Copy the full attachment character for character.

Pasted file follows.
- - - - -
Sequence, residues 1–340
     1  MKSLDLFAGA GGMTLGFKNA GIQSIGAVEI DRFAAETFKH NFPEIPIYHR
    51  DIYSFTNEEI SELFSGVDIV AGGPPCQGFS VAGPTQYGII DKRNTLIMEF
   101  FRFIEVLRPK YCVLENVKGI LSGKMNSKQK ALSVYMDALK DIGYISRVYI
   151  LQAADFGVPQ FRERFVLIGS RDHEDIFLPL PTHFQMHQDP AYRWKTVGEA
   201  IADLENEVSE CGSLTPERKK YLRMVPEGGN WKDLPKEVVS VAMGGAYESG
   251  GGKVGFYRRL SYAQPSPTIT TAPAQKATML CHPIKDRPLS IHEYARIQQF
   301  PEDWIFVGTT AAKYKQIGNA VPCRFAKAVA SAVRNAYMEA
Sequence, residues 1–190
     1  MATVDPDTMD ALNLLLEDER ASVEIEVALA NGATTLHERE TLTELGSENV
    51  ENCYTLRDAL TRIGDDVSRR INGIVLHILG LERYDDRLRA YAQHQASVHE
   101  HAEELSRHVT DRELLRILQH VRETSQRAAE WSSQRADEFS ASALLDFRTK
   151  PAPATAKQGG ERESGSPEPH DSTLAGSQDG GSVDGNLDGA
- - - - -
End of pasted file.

Sequence, residues 1–340
     1  MKSLDLFAGA GGMTLGFKNA GIQSIGAVEI DRFAAETFKH NFPEIPIYHR
    51  DIYSFTNEEI SELFSGVDIV AGGPPCQGFS VAGPTQYGII DKRNTLIMEF
   101  FRFIEVLRPK YCVLENVKGI LSGKMNSKQK ALSVYMDALK DIGYISRVYI
   151  LQAADFGVPQ FRERFVLIGS RDHEDIFLPL PTHFQMHQDP AYRWKTVGEA
   201  IADLENEVSE CGSLTPERKK YLRMVPEGGN WKDLPKEVVS VAMGGAYESG
   251  GGKVGFYRRL SYAQPSPTIT TAPAQKATML CHPIKDRPLS IHEYARIQQF
   301  PEDWIFVGTT AAKYKQIGNA VPCRFAKAVA SAVRNAYMEA
Sequence, residues 1–190
     1  MATVDPDTMD ALNLLLEDER ASVEIEVALA NGATTLHERE TLTELGSENV
    51  ENCYTLRDAL TRIGDDVSRR INGIVLHILG LERYDDRLRA YAQHQASVHE
   101  HAEELSRHVT DRELLRILQH VRETSQRAAE WSSQRADEFS ASALLDFRTK
   151  PAPATAKQGG ERESGSPEPH DSTLAGSQDG GSVDGNLDGA